The mix GCC danced to is utterly amateur, it’s full of tropes that got played out 8 yrs ago, and the genius mixer decided to throw some racial slurs in as well. This mix is the biggest mistake made by GCC, despite the flaws with their choreo and execution, a team deserves respect for dancing on stage in front of a crowd. But the mix is so horrid that it destroys any sense of respect you may have for this team. Folk dances don’t exist in a vacuum, they are built on the rhythms and sounds they accompany. This team made the conscious decision to perform on stage to a mess of pitch shifted song segments intermixed with random effects and hip hop elements. I could understand and pick out what songs were being danced to, but the mix of music made no sense, no cohesivity whatsoever. GCC would have been better served removing all vocals completely and dancing to a mix made solely of the underlying bass beats. This is the dissonance; how do you expect to be viewed as caring about the culture when you simultaneously don’t care enough to understand the music and try to present a performance as a cohesive combination of Punjabi music and dance.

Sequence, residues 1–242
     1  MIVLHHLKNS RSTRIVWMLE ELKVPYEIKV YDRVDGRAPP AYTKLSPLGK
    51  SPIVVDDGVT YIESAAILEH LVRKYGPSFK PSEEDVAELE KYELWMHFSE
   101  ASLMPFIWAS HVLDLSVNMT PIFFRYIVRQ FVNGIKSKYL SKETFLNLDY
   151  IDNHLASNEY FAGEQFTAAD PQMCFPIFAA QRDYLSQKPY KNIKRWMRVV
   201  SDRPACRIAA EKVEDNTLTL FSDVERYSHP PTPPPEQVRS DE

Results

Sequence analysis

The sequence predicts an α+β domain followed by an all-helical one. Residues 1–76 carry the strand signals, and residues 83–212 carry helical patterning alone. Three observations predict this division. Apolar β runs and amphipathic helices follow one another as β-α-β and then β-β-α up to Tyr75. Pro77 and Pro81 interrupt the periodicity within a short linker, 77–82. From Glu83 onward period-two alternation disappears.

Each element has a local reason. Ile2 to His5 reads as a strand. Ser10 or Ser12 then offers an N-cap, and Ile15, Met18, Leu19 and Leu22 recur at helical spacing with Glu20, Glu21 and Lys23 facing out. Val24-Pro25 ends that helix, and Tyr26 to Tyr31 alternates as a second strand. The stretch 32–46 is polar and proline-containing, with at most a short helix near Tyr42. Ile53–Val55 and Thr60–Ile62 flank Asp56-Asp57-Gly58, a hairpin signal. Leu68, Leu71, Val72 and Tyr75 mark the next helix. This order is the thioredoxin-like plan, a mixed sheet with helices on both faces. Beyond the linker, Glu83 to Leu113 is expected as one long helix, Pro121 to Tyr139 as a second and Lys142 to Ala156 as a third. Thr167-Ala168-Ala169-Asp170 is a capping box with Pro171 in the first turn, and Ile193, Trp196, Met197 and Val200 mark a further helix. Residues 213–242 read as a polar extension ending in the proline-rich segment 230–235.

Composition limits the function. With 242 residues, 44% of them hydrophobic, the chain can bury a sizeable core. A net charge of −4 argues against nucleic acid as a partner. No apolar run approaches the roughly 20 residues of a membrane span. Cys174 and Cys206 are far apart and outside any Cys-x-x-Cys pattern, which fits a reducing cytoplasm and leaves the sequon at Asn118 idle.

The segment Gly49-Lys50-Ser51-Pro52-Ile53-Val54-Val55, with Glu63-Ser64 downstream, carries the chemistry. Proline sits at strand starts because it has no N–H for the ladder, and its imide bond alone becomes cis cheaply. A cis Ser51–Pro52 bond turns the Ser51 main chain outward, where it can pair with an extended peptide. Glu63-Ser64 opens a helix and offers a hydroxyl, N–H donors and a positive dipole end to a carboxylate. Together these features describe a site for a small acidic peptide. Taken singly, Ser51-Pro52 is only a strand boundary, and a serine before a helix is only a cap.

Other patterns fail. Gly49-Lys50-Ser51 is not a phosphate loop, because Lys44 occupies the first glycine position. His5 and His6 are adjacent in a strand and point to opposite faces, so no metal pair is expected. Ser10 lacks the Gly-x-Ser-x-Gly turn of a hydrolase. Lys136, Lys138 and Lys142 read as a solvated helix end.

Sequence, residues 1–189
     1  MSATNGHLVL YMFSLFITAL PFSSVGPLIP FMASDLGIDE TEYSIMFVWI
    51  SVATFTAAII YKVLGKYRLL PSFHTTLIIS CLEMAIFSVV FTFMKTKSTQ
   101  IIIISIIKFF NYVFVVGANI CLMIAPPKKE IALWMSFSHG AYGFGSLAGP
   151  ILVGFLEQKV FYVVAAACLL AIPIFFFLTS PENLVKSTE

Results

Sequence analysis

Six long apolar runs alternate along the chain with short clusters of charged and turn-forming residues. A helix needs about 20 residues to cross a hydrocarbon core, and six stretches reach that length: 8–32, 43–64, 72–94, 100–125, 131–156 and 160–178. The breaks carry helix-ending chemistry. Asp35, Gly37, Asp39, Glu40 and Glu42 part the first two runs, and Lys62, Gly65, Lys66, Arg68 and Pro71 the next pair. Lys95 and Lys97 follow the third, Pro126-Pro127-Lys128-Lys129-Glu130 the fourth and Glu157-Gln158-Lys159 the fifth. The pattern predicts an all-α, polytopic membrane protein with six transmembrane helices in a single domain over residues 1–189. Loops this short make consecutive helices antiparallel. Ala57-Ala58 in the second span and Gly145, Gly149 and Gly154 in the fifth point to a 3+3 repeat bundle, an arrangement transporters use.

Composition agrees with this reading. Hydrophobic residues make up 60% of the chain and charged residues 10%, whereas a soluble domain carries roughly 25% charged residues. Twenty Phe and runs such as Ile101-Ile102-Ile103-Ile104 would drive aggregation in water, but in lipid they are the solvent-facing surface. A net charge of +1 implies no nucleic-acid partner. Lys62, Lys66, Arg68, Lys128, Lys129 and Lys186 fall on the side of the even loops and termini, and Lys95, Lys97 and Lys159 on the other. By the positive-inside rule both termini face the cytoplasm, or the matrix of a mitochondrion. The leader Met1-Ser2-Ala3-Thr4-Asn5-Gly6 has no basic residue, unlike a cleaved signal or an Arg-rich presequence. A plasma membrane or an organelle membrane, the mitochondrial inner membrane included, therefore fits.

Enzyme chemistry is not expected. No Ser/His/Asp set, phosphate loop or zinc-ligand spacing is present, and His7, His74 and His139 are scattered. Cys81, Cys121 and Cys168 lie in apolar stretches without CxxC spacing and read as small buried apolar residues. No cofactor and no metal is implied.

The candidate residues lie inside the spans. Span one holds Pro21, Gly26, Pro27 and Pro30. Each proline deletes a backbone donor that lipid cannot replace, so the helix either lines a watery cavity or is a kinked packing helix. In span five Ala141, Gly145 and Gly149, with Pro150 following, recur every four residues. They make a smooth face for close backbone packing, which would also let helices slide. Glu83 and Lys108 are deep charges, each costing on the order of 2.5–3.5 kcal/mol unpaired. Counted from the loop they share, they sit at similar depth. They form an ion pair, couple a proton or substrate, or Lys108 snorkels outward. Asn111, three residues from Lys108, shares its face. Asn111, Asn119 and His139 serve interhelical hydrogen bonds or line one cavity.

To everyone in the UK bhangra circuit, learn to stop taking yourselves so seriously, try to understand Punjabi music and Punjabi dance, and understand how to have fun on stage. The NA scene started off being defined by shitty dancing, then transitioned to a state of ego-driven hyper-competitiveness, and now it’s in a competitive decline because audiences are waning everywhere to the point where organizers can’t make the economics work in their favor. I appreciate the Australian scene because ever since it became competitive, it seems like from afar that teams have learned to enjoy themselves and have fun on stage. Nothing in the current NA, UK, Aus scenes really matters though the next generation will determine the course of Punjabi dance. I’m hopeful that bhangra will evolve and progress positively because of the development of academies in north America, places where kids are taught to understand the culture properly by people who have a deep love and respect for the past. These kids won’t be hindered by the flaws and insecurities prevalent in my generation. Maybe one day bhangra competitions will die out and be replaced by raunak melas where teams of kids who learned to dance on live dhol beats perform sets that showcase the beauty of a culture that is slowly fading as it evolves.